Detained Iranian-Canadian dies in Iran prison, son says
Family of Kavous Seyed-Emami 'utterly shocked and devastated,' calls on Ottawa to act
An Iranian-Canadian academic and environmental activist imprisoned by Iranian authorities last month has died in prison, his son wrote on Twitter on Saturday.
Kavous Seyed-Emami, 63, was the managing director of the Persian Wildlife Heritage Foundation, which seeks to protect Iran's rare animals, and a U.S.-trained scholar in sociology.
A member of Seyed-Emami's family, who does not want to be identified, told CBC News late Saturday that the family is "utterly shocked and devastated" at his death and calls for the Canadian government to demand that Iran allow an independent autopsy to be performed.
A spokesperson for Foreign Affairs said "Canada takes its consular responsibilities very seriously."
"Canadian consular officials in Ankara are working to gather additional information and are providing assistance to the family of the Canadian citizen," Natasha Nystrom told CBC News in an emailed statement.
The family member said Seyed-Emami was a dual Iranian-Canadian citizen who was last in Canada on a sabbatical at the University of Lethbridge in late 2017.
Seyed-Emami was "not a political person," the family member said, and worked at an elite Tehran university renowned for training the country's career diplomats.
In Iran, he was known for instilling a love of nature in his students and started a hiking group to encourage them to experience the outdoors, the family member said.
'I still can't believe this'
Seyed-Emami's son, the Iranian musician Raam Emami, wrote on Twitter that his father was arrested on Jan. 24, and that his mother had been informed of Seyed-Emami's death on Friday. It was not immediately clear where he was tweeting from.
"The news of my father's passing is impossible to fathom," he tweeted. "I still can't believe this."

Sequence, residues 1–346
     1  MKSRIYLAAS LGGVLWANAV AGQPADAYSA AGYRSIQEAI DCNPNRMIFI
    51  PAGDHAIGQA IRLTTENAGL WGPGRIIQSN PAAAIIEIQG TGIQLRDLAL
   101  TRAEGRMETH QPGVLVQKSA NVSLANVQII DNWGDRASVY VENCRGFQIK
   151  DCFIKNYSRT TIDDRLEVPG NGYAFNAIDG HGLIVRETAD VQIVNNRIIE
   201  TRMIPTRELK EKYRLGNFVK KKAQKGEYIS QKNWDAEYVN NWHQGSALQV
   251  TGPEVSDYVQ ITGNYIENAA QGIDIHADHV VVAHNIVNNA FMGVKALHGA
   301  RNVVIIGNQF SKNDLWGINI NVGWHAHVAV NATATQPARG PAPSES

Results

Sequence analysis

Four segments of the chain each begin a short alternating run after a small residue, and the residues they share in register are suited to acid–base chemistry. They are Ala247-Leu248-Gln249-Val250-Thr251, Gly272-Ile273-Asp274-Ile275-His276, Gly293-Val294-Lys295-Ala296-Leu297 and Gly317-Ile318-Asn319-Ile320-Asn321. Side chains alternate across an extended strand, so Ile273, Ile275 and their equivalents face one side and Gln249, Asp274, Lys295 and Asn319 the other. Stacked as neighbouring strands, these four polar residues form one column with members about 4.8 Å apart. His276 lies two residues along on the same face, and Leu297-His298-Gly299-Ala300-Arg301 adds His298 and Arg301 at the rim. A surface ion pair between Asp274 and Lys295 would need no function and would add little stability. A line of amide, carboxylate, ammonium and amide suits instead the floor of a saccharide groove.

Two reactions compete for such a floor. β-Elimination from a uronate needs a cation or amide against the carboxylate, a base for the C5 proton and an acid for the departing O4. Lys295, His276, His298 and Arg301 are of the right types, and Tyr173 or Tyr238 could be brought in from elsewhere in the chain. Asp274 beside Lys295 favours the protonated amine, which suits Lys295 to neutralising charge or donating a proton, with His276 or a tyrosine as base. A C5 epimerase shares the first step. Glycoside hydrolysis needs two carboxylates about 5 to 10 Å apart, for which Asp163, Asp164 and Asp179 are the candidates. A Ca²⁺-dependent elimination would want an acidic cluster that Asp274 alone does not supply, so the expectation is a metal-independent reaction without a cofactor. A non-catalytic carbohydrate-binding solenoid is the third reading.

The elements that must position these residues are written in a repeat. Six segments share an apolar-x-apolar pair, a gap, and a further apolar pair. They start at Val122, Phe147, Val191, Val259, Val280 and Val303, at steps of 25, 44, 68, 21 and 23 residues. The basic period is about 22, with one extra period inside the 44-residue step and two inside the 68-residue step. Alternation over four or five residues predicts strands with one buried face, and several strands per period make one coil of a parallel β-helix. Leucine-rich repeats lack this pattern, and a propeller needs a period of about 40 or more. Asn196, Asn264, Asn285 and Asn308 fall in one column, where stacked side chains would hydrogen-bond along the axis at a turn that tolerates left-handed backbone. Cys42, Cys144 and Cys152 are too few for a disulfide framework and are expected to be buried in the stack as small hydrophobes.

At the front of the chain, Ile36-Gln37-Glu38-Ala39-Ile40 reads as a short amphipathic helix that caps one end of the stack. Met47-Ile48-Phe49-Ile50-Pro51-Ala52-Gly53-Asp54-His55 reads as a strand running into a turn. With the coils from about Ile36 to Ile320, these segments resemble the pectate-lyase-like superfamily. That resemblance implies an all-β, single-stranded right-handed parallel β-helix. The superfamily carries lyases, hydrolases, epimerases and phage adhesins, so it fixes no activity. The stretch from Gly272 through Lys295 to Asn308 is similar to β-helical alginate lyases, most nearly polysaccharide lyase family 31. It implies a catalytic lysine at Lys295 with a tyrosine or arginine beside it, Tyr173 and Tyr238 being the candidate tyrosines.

On his Instagram account, Emami wrote that authorities said his father had committed suicide. He did not respond to requests for further comment.
Tehran's prosecutor Abbas Jafari-Dolatabadi said Saturday that Iran's security forces had arrested several people on espionage charges, the judiciary's Mizan news agency reported.
"They were gathering classified information in strategic areas … under the coverage of scientific and environmental projects," he said, without giving further information.
The Iranian judiciary could not immediately be reached for comment on Saturday evening. Iranian authorities had not announced an arrest of Seyed-Emami, and his death was not confirmed by official sources.
'Very well read, very much a scholar'
Seyed-Emami received his doctorate in sociology from the University of Oregon in 1991, according to an online alumni listing maintained by the university.
Trevor Harrison, a professor of sociology at the University of Lethbridge, sponsored Seyed-Emami when he came to the post-secondary institution in southern Alberta on sabbatical from about August to mid-December of last year.
"He was a really interesting guy, very well read, very much a scholar. He had a quite eclectic set of interests from economics, politics, very much the environment – he was a very well-rounded sociologist," Harrison said.
Harrison said the news of the Seyed-Emami's death left him "floored."
"I was absolutely devastated, I think I still am. I think any of the number of us who had the occasion to meet him while he was over here are all feeling like it's a very big loss, he's a fine person."
With files from CBC News